advocacy. The acquisition of the “second degree” transactional records for the list’s email address will not only, in effect, reveal the full membership list of the group, but is also likely to provide fairly detailed information about which are the most active participants. This is true not only with respect to traditional, formally incorporated political entities, but self-organizing ad-hoc groups, which legal scholar Katherine Strandburg has dubbed “emergent associations.”166 These kinds of informal, bottom-up associations may be especially sensitive to chilling effects, precisely because they will often lack the institutional resources to protect themselves possessed by more formal, traditional activist entities such as the NAACP. National Security Letters, then, give us an unfortunate confluence of features. Confirming Justice Powell’s warning, they seem especially likely to intrude on protected domains of religious or political speech and association, as they are used in a sweeping effort to preemptively identify the miniscule number of dangerous needles in a largely benign haystack. The extreme secrecy surrounding them, meanwhile, effectively eliminates the practical mechanism by which judicial scrutiny is often brought to bear when those interests are implicated by (intrinsically narrower) criminal investigations. All of this coincides with massively increased capabilities to process, share, and indefinitely store whatever data is obtained, exacerbating the risk that the aggregate information contained in government databases may be subject to pernicious uses unforeseen—and perhaps unforeseeable—at the time any particular piece of data is acquired. Recommendations There is little doubt investigators find NSLs useful and convenient. But given the risk to core civil-liberties interests posed by such sweeping and discretionary tools, convenience is an inadequate justification. The secret acquisition, without judicial approval, of sensitive records pertaining to presumptively innocent Americans should not be
National Security Letters seem especially likely to intrude on protected domains of religious or political speech and association.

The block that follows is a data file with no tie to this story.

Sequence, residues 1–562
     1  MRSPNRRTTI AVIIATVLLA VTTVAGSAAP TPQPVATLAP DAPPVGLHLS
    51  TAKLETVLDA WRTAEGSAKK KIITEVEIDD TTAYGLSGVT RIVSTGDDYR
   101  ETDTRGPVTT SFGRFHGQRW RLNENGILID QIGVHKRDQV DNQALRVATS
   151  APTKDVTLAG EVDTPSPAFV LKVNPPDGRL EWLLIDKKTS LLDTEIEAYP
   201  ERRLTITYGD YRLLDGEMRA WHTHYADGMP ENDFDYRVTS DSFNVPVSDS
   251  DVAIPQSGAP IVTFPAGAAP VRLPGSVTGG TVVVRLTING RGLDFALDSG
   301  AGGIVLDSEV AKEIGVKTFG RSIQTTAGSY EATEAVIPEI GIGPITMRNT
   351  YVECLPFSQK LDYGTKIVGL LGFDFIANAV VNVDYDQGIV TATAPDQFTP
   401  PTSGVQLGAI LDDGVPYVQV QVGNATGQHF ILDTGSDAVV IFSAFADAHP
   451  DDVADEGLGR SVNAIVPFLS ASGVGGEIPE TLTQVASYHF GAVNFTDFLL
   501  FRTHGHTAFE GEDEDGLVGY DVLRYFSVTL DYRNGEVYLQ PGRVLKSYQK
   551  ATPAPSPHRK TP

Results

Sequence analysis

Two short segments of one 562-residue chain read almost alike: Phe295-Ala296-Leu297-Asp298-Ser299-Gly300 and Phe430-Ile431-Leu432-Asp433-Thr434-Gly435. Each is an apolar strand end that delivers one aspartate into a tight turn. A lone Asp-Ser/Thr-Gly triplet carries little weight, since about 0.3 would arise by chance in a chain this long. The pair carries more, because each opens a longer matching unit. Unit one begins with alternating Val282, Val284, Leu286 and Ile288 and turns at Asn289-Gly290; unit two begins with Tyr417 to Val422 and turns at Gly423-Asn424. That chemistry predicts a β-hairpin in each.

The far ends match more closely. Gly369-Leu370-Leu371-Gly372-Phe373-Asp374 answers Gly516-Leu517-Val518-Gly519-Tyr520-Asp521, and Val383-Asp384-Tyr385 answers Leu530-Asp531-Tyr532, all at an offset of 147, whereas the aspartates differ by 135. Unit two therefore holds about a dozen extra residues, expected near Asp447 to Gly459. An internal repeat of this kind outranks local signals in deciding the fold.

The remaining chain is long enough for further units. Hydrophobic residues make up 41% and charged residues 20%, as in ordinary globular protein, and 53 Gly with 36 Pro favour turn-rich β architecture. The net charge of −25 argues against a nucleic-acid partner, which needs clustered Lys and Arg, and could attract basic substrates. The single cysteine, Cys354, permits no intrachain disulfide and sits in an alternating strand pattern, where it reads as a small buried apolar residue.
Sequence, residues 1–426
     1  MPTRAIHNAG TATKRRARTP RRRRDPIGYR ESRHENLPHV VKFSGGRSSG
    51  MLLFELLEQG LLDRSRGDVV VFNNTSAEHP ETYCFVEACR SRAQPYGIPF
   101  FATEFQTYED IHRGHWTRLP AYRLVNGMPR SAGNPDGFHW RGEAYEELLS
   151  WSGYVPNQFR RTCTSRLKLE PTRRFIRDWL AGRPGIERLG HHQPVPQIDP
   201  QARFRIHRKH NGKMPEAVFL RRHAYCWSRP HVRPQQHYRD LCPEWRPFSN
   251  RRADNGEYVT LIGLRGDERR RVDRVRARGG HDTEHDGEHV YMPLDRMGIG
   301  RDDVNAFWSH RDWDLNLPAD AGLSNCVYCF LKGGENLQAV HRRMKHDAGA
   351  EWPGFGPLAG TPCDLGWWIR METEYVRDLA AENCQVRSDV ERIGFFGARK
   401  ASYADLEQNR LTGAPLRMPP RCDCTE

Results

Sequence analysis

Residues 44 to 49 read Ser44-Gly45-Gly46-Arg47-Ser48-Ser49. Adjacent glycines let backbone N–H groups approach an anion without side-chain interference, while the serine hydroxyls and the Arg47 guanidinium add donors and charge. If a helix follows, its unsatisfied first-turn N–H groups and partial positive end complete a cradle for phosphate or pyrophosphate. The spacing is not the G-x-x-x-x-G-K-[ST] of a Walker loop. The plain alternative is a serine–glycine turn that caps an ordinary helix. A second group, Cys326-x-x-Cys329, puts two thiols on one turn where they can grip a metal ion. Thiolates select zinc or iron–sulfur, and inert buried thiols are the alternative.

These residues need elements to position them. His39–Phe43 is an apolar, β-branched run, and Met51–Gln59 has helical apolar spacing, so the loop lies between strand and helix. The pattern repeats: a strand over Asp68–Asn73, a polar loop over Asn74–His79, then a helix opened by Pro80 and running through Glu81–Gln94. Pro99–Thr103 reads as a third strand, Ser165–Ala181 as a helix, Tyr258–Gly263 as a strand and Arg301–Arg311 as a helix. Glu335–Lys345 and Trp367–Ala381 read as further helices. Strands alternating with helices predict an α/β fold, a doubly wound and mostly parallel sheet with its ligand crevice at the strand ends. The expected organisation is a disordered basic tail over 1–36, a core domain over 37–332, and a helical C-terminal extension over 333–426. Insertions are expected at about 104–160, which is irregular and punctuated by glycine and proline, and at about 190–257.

The secret acquisition of sensitive records pertaining to presumptively innocent Americans should not be countenanced without clear evidence that it is necessary to the prevention of serious harm to national security.
countenanced without clear evidence that it is necessary to the prevention of serious harm to national security, and that any more limited authority would be insufficient to accomplish this goal. Nothing in the public record suggests that this burden can be met. Of the five types of National Security Letters, ECPA NSLs for communications records present the most serious threat to protected privacy interests and civil-liberties interests. The Patriot Act’s expansion of ECPA NSL authority to investigations designed to protect against international terrorism should be retained, along with the delegation of issuing authority to field offices, assuming ongoing centralized review. Its scope should otherwise be returned to its pre-Patriot limits. ECPA NSLs for “toll records” or their Internet equivalent should be limited to persons believed, on the basis of specific facts, to be agents of some foreign power. Any effort to expand their scope from toll records to electronic communications transaction records generally should be especially resisted, since the practical implications for privacy interests of such broad authority are effectively impossible to predict given the speed of technological change. More restricted NSLs, seeking basic subscriber information, should be available for persons in direct communication with those suspected agents. This structure properly balances the need for investigative flexibility with the privacy interests of largely innocent parties. It allows analysts to determine the identities of persons with whom actual investigative subjects are in contact, but does not permit the exposure of potentially sensitive patterns of communication and association on the basis of any casual link to a single suspect. In combination with evidence obtained by other investigative means, this should enable agents to establish which persons require further scrutiny. If there is some reason to think the records of particular parties in contact with a target are relevant to the investigation, but there are insufficient grounds for concluding that those parties are themselves agents